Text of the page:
1969 Rewind: Game One Hundred Fifty-nine


Date:  Sunday, September 28.

Batting stars:  Harmon Killebrew was 2-for-4 with a double.  Ted Uhlaender was 2-for-4.  Rod Carew was 1-for-4 with a home run, his eighth.

Pitching star:  Bob Miller pitched six innings, giving up two runs on nine hits and no walks and striking out three.

Opposition stars:  Dick Baney pitched eight innings, giving up one run on eight hits and a walk and striking out five.  Ex-Twin Don Mincher was 3-for-4 with a home run (his twenty-fifth), a double, and three RBIs.  Wayne Comer was 2-for-4 with a double and two runs.  Steve Hovley was 2-for-4 with a double.  Tommy Harper was 2-for-4.

The game:  Carew hit a home run with one out in the first to give the Twins a 1-0 lead.  Killebrew followed with a double, but Tony Oliva and Graig Nettles struck out to end the inning.  In the second the Twins got singles from Leo Cardenas and Tom Tischinski with one out, but Miller hit into a double play.

The Pilots missed a huge chance in the second.  Singles by Mincher, Hovley, and Jim Pagliaroni loaded the bases with none out.  But ex-Twin Sandy Valdespino hit into a force out at the plate, and Fred Stanley and Baney were caught looking.  Seattle took the lead in the third, though.  With two out, Comer doubled and Mincher hit a home run to give the Pilots a 2-1 lead.

Seattle threatened again in the fourth, getting one-out singles from Valdespino and Stanley, but could do nothing with them.  The Twins meanwhile, could do nothing, period.  They did not get a man past first base in innings three through eight.  In the bottom of the eighth, Comer hit a one-out single, followed by back-to-back doubles by Mincher and Hovley, building the lead to 4-1.  That's where it was when the game ended.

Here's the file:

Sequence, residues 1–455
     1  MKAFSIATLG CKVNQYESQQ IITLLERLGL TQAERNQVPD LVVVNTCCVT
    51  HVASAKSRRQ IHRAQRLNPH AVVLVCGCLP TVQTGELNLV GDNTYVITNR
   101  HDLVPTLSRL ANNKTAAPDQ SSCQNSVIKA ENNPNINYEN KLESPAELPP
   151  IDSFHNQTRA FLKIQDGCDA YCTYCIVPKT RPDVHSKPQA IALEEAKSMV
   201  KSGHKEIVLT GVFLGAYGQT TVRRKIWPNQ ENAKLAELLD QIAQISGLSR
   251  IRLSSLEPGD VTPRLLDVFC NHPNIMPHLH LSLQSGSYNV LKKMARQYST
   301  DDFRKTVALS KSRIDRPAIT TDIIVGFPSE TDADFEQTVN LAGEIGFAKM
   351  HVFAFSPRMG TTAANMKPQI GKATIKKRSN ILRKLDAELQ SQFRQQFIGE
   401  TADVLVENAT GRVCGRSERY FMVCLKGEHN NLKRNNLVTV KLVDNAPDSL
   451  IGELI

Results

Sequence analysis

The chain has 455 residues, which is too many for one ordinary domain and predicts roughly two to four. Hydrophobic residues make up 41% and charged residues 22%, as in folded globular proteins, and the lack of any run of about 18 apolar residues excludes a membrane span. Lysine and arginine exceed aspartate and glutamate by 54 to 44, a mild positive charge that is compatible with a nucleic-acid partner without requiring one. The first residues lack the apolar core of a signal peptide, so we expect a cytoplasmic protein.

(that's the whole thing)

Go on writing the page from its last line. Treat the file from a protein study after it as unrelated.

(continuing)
WP:  Baney (1-0).  LP:  Miller (5-5).  S:  Diego Segui (12).

Notes:  Reese remained out of the lineup, with Killebrew at first and Nettles at third.  Cotton Nash replaced Nettles in the fifth inning and went to first base, with Killebrew moving to third.  Cesar Tovar started the game in center but came out in the second inning.  He was replaced by Charlie Manuel, who went to left with Ted Uhlaender moving to center.  Tom Tischinski was behind the plate, with Johnny Roseboro on the bench.

Carew was batting .333.  Oliva was 0-for-4 and was batting .304.  Jim Holt got a pinch-hit single and was batting .364 (4-for-11).

Mincher had a fine year for the Pilots, batting .246/.366/.454 with 25 homers and 78 RBIs and making the all-star team.  He had another fine year for Oakland in 1970, batting ,246/.327/.460 with 27 homers and 74 RBIs.  Oakland traded him to Washington in early May of 1971 and he again put up good numbers, batting .280/.386/.427, although with just 12 home runs.  He became a part-time player in 1972 and retired after that.  He is the only man to play for both Washington Senators franchises and for the two teams they became, the Twins and the Rangers.

This was the first win of Dick Baney's major league career and his only start of 1969.  In 18.2 innings he was 1-0, 3.86 at age 22.  He spent the next three seasons in AAA, not making it back to the majors until 1973 as a September call-up with the Cincinnati Reds.  He again did well, going 2-1, 2.93 in 30.1 innings.  He was with Cincinnati for about four months in 1974 and did not do well, going 1-0, 5.49 in 41 innings.  If you take out two really bad appearances, though, in which he gave up 11 runs in 1.2 innings, his ERA becomes 3.20.  Apparently no one wanted to look at it that way, though, and he never played in the majors again.  He did have a successful career after that, however, first working in his father's contracting business and then working as a real estate investor and property manager.

Record:  The Twins were 95-64, in first place in the American League West, nine games ahead of Oakland.  They had clinched first place in the division.